The Key Investor Information Document (KIID) is a short document designed to describe the fund in terms that investors should find straightforward and easy to grasp, in a standardised format over two A4 pages. Its aim is both to improve understanding among retail clients of how funds operate and what risks they entail, and to reduce the volume of text that promoters have to translate into other languages in order to market their funds in other countries.

The introduction of the KIID in Ucits IV follows the failure of the ‘simplified prospectus’ concept incorporated into the Ucits III Management Company Directive to offer investors a document they could understand or to relieve significantly the documentary burden on fund promoters, in part due to variations in the way the provision was implemented by different EU member states as well as concern among promoters that omitting extensive sections of the full prospectus might expose them to legal risk.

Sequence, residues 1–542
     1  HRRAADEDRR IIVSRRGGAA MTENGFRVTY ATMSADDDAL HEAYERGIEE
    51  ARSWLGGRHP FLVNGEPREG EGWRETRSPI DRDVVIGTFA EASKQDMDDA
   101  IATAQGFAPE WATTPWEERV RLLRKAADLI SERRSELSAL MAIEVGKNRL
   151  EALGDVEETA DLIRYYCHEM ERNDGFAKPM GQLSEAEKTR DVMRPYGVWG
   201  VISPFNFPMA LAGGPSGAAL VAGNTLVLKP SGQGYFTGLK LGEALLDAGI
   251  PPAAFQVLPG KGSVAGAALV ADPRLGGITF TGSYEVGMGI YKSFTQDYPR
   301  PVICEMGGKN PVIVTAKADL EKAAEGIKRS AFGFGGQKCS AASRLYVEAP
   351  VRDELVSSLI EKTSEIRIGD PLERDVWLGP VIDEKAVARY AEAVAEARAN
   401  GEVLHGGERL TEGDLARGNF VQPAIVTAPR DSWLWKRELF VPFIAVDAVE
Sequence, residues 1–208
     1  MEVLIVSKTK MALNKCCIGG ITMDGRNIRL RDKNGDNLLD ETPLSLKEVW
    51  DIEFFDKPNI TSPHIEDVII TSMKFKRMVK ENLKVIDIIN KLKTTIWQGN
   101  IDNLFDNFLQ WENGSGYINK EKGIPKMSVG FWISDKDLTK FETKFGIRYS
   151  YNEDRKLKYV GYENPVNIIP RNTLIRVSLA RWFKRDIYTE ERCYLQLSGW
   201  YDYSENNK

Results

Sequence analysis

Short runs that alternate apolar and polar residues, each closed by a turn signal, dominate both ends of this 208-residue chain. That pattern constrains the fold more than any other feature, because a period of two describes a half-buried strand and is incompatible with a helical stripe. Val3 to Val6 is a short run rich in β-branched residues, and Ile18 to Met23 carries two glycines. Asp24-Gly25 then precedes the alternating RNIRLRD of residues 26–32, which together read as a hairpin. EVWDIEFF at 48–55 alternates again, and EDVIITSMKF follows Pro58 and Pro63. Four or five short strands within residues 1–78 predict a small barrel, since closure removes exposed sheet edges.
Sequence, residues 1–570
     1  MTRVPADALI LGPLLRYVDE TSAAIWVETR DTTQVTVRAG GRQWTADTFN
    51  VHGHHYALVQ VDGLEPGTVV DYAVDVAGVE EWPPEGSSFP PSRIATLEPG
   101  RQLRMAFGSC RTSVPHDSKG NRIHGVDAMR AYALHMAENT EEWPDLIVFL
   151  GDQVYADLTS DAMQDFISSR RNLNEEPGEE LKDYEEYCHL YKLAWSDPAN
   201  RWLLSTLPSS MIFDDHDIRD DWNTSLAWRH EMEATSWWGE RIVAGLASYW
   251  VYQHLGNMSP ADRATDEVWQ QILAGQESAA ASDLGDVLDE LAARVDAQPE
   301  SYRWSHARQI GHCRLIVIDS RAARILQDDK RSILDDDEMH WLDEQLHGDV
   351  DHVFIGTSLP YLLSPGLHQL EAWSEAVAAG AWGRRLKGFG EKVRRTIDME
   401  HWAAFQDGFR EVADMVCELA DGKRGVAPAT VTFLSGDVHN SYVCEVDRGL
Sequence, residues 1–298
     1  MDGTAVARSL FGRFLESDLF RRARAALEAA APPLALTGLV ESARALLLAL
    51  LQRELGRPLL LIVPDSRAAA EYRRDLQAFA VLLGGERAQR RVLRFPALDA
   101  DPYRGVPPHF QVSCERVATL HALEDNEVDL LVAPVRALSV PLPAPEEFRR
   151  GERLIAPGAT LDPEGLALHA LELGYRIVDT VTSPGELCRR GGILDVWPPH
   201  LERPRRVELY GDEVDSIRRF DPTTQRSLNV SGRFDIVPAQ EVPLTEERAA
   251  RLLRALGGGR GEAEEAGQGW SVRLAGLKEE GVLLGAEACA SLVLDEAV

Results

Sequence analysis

The KIID is intended to be self-sufficient. The new directive stipulates that at a minimum, it should contain the name of the fund, a short description of the fund’s investment objectives and policy, a description of past performance or performance scenarios, details of costs, and the fund’s targeted risk/reward profile, as calculated by the Synthetic Risk and Reward Indicator (SRRI). It should be written in plain language and predefined form, content and length, enabling investors to compare one fund with another more easily.

Material changes to the fund – for instance, changes in the SRRI or in management charges – will require amendment of the KIID and notification of regulators in all countries where the fund is marketed, in addition to annual updates that must be introduced within 35 working days of the end of each year. Existing funds will benefit from a ‘grandfathering’ clause giving them a transition period of up to 12 months to publish a KIID; any funds launched on or after July 1, 2011 must have the KIID ready at time of launch.

The document must be published in one or more of the official languages of any member state in which the fund is marketed, or any other language approved by the country’s authorities. By contrast, there is no obligation to translate the full prospectus and financial accounts of the fund if these are already available in “a language customary in the sphere of international finance” – in practice English.